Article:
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Kalamu ya Salaam's information blog

Most of us are aware that American slavery formally started in 1619 and, thus, in 2019 we are observing both the beginning of slavery in our country and, more importantly, intently interrogating the social structure of this country. Moreover, while some of us are aware that the presence of people of African descent in what is now the U.S.  began well before Jamestown, we also recognize that the dominant story proffers the American tradition as one of freedom from day one.

In the “America is the home of the free” viewpoint, slavery is viewed as an anachronism that does not represent the fundamental truth of who we are, or, at the very least, the best of who we are. On the other hand, some of us, argue that on the deepest level, America was founded as a divided country along racial, class and gender demarcations and continues to be divided.

Perhaps the truth is a mix: to varying degrees, all of us value and aspire to the freedom view, while we simultaneously struggle for and declare that our freedom must be fought for. Regardless of our viewpoint, there is no easy road to social wellbeing.

I believe knowing our history as well as assessing our current condition are both critical. This is especially the case because we in America tend to be less concerned with history than we are fixated on celebrating and enjoying the pleasures and prerogatives of the present. Thus, as a corrective contribution, I join with forward thinking people who study our past.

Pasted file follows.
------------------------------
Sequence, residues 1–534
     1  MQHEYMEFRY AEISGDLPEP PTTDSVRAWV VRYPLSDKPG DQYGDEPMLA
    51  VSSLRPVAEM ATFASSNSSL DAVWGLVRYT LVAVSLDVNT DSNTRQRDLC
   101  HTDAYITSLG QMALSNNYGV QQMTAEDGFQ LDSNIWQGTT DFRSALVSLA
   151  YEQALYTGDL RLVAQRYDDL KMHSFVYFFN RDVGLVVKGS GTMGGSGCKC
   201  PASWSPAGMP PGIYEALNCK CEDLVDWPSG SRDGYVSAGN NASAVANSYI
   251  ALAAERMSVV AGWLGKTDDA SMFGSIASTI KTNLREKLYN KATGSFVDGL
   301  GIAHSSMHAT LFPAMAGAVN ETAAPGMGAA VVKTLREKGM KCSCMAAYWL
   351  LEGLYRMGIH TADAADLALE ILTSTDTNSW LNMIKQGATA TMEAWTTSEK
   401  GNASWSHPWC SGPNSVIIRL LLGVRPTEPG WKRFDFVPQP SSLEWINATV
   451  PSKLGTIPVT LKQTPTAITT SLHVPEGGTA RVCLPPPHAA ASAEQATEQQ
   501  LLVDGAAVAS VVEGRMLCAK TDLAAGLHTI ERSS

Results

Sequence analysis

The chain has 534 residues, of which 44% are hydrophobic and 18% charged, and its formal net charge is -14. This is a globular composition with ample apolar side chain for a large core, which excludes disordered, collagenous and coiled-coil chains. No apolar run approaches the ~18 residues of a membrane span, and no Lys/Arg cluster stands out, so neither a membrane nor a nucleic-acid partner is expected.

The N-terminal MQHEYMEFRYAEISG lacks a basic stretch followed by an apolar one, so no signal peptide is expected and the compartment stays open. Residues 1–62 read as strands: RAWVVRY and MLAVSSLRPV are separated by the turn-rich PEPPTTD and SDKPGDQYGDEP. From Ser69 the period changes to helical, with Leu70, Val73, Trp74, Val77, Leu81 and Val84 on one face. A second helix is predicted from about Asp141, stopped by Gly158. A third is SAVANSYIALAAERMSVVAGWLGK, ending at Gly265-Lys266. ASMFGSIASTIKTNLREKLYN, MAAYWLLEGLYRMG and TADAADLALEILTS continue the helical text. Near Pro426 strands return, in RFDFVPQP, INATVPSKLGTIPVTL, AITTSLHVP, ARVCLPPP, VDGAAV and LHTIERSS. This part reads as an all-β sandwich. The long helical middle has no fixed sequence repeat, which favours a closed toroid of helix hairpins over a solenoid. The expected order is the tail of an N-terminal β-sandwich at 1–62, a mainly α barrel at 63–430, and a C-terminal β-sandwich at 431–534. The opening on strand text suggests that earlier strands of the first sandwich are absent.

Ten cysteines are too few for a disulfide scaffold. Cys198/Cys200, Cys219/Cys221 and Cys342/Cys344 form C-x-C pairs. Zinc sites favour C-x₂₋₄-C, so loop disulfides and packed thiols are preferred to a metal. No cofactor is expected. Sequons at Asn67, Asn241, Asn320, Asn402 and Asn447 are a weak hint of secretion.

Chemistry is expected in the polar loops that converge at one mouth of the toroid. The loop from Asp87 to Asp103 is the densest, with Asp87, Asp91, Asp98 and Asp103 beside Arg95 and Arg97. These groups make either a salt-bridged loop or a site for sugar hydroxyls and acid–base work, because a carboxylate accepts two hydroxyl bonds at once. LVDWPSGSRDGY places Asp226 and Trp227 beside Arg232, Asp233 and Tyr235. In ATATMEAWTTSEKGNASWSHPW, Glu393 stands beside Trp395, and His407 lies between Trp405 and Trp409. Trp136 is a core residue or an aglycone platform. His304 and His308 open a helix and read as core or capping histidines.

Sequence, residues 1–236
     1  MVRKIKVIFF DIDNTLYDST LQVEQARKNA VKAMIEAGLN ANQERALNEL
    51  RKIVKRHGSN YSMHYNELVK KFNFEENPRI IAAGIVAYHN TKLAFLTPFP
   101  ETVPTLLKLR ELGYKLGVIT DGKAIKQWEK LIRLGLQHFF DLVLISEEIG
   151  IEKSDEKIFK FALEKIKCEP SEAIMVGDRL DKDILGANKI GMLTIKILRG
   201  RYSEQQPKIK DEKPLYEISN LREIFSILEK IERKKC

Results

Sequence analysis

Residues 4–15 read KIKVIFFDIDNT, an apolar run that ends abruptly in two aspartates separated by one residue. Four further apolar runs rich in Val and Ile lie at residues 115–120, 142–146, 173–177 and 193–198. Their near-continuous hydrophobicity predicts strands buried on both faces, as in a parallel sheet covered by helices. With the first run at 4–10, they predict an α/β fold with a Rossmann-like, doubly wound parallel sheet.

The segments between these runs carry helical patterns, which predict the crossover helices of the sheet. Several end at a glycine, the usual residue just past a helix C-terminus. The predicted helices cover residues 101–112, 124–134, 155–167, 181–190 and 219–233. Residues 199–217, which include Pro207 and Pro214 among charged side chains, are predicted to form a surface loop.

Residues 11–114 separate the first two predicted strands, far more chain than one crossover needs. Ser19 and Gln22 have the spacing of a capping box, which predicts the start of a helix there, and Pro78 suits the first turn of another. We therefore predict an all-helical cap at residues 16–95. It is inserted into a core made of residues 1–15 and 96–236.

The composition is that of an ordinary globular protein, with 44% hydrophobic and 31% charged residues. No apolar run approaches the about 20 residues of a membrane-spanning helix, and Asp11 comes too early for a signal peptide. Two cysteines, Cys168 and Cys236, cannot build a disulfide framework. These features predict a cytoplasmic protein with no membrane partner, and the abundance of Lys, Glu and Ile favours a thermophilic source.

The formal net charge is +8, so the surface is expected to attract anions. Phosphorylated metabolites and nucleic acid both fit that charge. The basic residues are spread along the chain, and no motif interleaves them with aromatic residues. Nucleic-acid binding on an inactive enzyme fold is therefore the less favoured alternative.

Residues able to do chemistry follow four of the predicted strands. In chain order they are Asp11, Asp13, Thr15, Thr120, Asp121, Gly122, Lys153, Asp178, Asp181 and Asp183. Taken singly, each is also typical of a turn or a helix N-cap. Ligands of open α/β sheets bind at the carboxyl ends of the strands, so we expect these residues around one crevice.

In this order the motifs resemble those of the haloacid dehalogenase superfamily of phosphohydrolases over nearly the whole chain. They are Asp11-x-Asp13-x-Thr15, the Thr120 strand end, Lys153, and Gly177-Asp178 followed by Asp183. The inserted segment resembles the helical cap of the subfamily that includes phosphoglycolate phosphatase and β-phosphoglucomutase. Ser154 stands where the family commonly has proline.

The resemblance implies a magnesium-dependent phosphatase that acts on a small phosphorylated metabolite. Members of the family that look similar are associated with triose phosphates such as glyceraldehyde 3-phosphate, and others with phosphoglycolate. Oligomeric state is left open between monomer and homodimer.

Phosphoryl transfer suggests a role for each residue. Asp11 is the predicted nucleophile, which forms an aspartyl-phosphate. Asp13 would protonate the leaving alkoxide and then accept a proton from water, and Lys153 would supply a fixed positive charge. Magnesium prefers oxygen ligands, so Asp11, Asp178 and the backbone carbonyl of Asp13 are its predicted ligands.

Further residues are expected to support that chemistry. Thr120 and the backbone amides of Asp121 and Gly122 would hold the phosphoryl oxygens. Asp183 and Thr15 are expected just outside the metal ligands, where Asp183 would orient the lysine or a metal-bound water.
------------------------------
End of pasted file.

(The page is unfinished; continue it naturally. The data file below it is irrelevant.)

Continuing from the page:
In particular, I consider the recent work of the New York Times and some of the responses to their 1619 Project.

Sixteen nineteen is not our beginning, nor will the upcoming 2020 presidential election be our ending. We sometimes forget that black lives in the western hemisphere existed centuries preceding the founding of America and our presence will, in all probability, continue long after America is an afterthought in some future time frame. 

In other words, we should be aware of but not consumed by our past. We should understand, but not be limited by our history. Be the Sankofa bird, looking backward as it moves forward. Both awareness of our history and struggling for our future is important.

But, as our African heritage teaches: if we know the beginning well, the end will not trouble us. Whatever we do in the here and now and whatever our future dreams are, we can not and should not ever forget from whence we came. An appreciation of our history is a necessary element in identifying who we are and where we want to go.

 

 

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